“Rainbow flags, drag queens, parades and glitter of course have an appeal to children unaware of the sexual and political connotations. To protect children we must be alive to the grown-up reality that there may well be an unsavoury agenda hiding in the shadow of the rainbow.”
The effect of exposing children to these fetishes and sexualised behaviour normalises sexual practices which may be harmful even for adults. It tears down barriers, making children potentially vulnerable to abuse. (If these things are demonstrated openly, then children will think they are safe and normal). Children are encouraged to experiment and are not warned about the dangers of this.
Skewed view of normality
Schools are being actively encouraged to celebrate Pride and to champion sexual minorities and extreme sexual practices. But there is very little teaching, let alone celebration, of marriage (one man and one woman) despite this being the likely future experience of the vast majority of children. The possibility of saving sex for marriage is almost never mentioned. Instead children hear it implied that denying your desires may cause harm.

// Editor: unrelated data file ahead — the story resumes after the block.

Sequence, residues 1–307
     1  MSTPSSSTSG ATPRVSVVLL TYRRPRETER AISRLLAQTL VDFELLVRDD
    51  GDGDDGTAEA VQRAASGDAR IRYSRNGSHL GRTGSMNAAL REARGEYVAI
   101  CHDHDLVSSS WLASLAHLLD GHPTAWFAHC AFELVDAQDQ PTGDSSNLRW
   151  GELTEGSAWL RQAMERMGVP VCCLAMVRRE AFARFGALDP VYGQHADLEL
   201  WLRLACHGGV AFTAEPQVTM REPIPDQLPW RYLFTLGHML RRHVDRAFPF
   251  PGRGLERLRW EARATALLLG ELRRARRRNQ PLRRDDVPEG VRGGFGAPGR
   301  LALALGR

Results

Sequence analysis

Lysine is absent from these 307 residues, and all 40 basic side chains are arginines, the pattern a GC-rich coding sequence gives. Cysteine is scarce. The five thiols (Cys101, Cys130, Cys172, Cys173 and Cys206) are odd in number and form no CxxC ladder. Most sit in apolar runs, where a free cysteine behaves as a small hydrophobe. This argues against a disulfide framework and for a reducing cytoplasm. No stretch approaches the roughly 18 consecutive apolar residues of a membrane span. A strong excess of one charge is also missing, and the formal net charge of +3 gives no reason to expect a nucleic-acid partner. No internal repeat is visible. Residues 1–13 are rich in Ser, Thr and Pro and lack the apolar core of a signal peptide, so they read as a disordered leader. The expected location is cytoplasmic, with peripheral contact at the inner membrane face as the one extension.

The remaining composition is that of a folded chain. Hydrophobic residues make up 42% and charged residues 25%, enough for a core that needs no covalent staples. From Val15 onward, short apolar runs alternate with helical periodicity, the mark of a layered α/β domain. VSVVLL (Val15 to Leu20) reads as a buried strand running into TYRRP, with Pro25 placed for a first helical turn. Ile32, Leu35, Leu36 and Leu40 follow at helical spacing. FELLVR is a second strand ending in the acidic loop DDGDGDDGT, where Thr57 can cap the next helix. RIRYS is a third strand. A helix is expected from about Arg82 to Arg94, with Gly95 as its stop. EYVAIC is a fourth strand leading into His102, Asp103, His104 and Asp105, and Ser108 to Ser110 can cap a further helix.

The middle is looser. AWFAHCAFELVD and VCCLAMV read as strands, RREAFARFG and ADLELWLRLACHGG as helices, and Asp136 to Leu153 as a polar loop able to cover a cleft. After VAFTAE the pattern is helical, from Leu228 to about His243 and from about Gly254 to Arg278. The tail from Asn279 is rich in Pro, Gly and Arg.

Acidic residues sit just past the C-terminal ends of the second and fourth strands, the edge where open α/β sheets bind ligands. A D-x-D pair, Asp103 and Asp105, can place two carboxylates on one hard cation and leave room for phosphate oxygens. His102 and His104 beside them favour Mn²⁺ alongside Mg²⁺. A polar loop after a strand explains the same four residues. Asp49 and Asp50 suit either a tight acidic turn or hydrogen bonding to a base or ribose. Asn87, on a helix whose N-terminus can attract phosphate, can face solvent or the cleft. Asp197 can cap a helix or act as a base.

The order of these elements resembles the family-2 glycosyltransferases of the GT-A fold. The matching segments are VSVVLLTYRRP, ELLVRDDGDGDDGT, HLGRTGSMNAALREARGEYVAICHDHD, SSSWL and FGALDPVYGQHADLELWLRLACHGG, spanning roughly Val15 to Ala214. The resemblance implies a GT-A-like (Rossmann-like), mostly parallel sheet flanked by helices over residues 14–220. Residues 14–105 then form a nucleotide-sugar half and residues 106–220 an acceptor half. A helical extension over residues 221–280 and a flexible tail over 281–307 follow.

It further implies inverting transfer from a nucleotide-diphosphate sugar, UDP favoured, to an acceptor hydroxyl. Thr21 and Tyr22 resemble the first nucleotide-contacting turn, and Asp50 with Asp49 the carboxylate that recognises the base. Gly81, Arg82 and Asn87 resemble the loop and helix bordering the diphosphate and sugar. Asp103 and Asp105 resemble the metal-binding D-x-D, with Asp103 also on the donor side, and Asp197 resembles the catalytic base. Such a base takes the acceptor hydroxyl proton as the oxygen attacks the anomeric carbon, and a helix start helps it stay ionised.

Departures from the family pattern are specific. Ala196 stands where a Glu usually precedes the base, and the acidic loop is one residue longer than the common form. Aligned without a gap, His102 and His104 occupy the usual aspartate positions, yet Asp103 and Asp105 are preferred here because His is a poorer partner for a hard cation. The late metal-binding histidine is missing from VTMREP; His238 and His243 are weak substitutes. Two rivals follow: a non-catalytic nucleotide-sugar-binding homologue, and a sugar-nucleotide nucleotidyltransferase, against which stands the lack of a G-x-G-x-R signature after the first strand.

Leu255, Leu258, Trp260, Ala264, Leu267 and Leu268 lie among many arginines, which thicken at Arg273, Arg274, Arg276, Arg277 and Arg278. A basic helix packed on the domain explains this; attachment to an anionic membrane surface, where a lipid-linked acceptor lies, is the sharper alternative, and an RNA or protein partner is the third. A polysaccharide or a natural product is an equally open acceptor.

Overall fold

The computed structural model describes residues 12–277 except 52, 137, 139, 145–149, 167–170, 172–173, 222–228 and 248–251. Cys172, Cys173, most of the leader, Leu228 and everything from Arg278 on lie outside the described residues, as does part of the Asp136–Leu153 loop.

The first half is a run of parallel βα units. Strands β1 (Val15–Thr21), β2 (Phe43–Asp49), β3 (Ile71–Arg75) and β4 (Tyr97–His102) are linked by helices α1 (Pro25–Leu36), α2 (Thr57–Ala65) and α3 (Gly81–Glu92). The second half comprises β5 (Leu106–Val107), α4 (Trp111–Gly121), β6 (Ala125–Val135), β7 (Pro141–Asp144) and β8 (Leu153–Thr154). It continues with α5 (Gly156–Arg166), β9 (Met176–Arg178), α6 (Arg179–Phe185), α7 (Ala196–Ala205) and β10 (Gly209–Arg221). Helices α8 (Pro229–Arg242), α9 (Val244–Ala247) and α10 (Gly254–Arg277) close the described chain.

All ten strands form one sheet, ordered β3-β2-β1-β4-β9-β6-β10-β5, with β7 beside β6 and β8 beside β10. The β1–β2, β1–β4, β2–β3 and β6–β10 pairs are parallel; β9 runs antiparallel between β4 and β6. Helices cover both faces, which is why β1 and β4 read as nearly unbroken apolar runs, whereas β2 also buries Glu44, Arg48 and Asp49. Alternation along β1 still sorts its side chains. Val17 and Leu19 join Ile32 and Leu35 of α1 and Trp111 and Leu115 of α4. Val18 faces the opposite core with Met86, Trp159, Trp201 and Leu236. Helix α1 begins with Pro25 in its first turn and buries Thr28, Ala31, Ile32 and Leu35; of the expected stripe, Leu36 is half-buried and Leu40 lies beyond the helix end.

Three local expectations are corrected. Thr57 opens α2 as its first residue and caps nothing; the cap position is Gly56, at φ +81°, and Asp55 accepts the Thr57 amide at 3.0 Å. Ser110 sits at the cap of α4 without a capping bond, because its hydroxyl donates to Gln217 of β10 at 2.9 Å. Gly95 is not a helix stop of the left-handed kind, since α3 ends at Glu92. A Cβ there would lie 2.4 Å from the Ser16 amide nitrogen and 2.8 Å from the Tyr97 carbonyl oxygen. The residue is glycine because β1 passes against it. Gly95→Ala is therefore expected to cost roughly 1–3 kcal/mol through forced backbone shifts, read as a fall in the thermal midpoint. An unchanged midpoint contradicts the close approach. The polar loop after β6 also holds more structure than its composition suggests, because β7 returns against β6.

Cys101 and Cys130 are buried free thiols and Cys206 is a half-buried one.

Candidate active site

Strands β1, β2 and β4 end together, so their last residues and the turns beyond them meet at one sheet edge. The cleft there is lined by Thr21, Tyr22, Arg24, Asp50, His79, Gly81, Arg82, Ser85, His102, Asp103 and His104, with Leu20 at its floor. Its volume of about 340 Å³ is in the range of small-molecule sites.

The huge focus on actively encouraging children to not only accept a vast spectrum of sexual identities and behaviours, but to celebrate them, gives the impression they are far more common than they really are. Too often they are portrayed as much more exciting than ‘boring old heterosexual relationships’. For example, well-known ‘expert’ Justin Hancock’s sex education website BISH, aimed at teenagers, includes articles such as the horribly titled “Why penis in vagina sex can be meh” (*link content warning*).
Organisations such as Educate and Celebrate support schools with Pride workshops and Pride Youth Networks. Its founder and CEO Elly Barnes has been highly vocal about her wish to “smash heteronormativity”. That is to say, she wants people to stop thinking man-woman marriage, and therefore traditional family structure, is in any sense the norm.